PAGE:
Sermon; 17 Pentecost/Proper 21A; Philippians 2:1-13
At our diocesan convention two weeks ago Resolution 2020-06 was brought up for a vote. The title of the resolution is, “Racial Restitution and Reconciliation.” In short, this resolution created a reparations fund with an initial investment of $1,000,000, created a separate oversight committee, urged all congregations and affiliated schools to prayerfully consider committing a percentage of their endowment to the fund, and urged the Diocesan Council to foster reconciliation and restitution opportunities.
As I pointed out in my Wednesday Word last week, it is well past time that we do more than talk about the problems slavery and systemic racism have created, and high time we begin doing something about it. And while this in no way makes up for past abuses, that was never its intention. The intention of this resolution is to make new beginnings, to live into God's justice in the here and now, and to set up a systemic solution to a systemic problem.
One of the things we need to come to terms with is how slavery and systemic racism have created an environment of white privilege that many of us don't even see because it has become so embedded in our lives. Giving up some of that privilege, giving up some of our control, giving up some of our wealth, will be difficult for some people to do. As I said last week, for those of us who have always been privileged, equality can feel like oppression.
We are now being asked to let go of some of our wealth for the benefit of others. We are being asked to relinquish some of our privilege, humbling ourselves so that others may be raised up. We are now being asked to stop focusing solely on our own interests and begin focusing on the interests of others.
It is these actions, these attitudes, and these behaviors that we are being asked to take on, not only by this diocesan resolution, but by Saint Paul himself.
In his letter to the Philippians, Paul writes, “Do nothing from selfish ambition or conceit, but in humility regard others as better than yourselves.”
For those of us in positions of privilege, this can be a hard thing. After all, selfish ambition is how we climb the corporate ladder. It's how we move up in the world. But it's a hard thing to do to put ourselves in lesser positions. It's hard for us to watch others advance and be genuinely/honestly happy for them. But at some point we need to be willing to not be ambitious, to take a back seat, so that others who have not experienced improvement or upward mobility can do so.
As a for instance, it's a fact that larger parishes in the Episcopal church tend to overwhelmingly call white male priests as their rector. One of the ways the church is addressing this is by no longer requiring photos on clergy profiles. It's not perfect, but it is a first step toward eliminating systemic racism.
But being humble and regarding others as better than ourselves is only the first step in the process.
“Let each of you look not to your own interests, but to the interests of others.”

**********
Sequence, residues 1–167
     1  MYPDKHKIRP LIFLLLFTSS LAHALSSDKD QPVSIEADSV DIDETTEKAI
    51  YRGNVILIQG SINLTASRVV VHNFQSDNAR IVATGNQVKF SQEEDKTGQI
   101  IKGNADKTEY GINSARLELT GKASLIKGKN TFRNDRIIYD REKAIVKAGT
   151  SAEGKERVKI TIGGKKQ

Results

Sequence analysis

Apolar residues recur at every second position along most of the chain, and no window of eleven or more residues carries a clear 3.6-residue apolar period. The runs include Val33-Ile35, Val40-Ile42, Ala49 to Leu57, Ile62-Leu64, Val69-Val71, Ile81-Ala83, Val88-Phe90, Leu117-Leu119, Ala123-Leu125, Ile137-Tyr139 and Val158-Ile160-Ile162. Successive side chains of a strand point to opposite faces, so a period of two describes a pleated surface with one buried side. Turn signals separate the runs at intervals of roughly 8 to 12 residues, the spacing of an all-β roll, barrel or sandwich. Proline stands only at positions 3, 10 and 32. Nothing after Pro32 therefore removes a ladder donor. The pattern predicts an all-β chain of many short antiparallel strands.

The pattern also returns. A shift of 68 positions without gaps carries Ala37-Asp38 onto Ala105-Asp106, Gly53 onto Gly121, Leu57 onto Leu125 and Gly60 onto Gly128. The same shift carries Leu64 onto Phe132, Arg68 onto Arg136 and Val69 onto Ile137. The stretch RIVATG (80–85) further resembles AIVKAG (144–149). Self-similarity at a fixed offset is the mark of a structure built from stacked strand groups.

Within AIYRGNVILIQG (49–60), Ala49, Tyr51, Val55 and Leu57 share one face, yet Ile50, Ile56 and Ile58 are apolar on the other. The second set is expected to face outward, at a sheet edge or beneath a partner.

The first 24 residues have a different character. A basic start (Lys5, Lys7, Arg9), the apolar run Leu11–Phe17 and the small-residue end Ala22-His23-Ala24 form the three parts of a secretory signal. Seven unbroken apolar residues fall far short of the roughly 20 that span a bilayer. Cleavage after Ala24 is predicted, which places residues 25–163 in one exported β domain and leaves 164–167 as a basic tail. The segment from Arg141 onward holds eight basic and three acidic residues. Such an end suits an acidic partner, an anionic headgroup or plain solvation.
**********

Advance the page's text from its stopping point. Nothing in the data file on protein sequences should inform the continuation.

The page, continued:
So often in our own lives and in the history of our country we have looked to our own interests at the expense of others. Slavery obviously put the interests of the landowners over and above the interests of their slaves. Real estate redlining put the interests of white homeowners/home buyers over and above the interests of black homeowners/home buyers. Advancing the interests of whites led to relegating Native Americans to the worst locations. The interests of the white majority led to dumps, industrial sites, wastewater treatment centers, and other undesirable things to be located in or near black neighborhoods.
We need to begin looking to the interests of minorities who have been marginalized and exploited for the sake of the interests of the white majority. It's time for us to begin answering the question, “If I don't want to be treated that way, what makes it okay to treat minorities that way?”
“Let the same mind be in you that was in Christ Jesus.” That is, Jesus didn't regard his position as inherently better than others, but made himself equal to others. He was obedient to God by recognizing that all people were created in his image, and that no one is better or more exalted than another. He understood that in order to make the kingdom of God a reality on earth as it is in heaven, we need to love others as we love ourselves.
And this brings me back to Resolution 2020-06. This resolution established an initial fund of $1,000,000 to go toward the work of reparations and restitution, and it asks churches to prayerfully consider how they can contribute to that fund. My interpretation of this is that we here at Saint John's look to establish an ongoing donation to this fund, not just a one-time gift. As I said, it's a systemic solution to a systemic problem, and that requires ongoing funding.
As we begin to seriously address this issue and look to participate in the act of reparations, we need to seriously begin following Paul's admonition from Philippians.
Now is the time to let go of our privilege and begin seeing the marginalized as better than ourselves. Now is the time to begin using our wealth not strictly to maintain our position of privilege and superiority but to freely distribute it for the interests of others. Now is the time to have the same mind that was in Christ, not using our wealth and privilege to exploit others but in an effort to elevate others to full equality.
As we move forward in this process, let us be less concerned with how we are being negatively affected and more concerned with how we are allowing others to live with dignity and respect as we strive for God's justice in what is too often an unjust world.